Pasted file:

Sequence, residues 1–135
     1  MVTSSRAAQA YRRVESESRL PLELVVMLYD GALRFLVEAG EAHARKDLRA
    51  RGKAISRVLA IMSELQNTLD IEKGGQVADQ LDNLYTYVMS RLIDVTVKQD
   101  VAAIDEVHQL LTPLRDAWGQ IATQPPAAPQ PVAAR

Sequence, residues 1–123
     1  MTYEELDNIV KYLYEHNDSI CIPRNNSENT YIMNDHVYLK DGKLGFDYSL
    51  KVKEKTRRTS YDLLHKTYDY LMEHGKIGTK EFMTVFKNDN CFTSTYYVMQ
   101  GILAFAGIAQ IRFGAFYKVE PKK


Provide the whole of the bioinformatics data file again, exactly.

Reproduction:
Sequence, residues 1–135
     1  MVTSSRAAQA YRRVESESRL PLELVVMLYD GALRFLVEAG EAHARKDLRA
    51  RGKAISRVLA IMSELQNTLD IEKGGQVADQ LDNLYTYVMS RLIDVTVKQD
   101  VAAIDEVHQL LTPLRDAWGQ IATQPPAAPQ PVAAR

Sequence, residues 1–123
     1  MTYEELDNIV KYLYEHNDSI CIPRNNSENT YIMNDHVYLK DGKLGFDYSL
    51  KVKEKTRRTS YDLLHKTYDY LMEHGKIGTK EFMTVFKNDN CFTSTYYVMQ
   101  GILAFAGIAQ IRFGAFYKVE PKK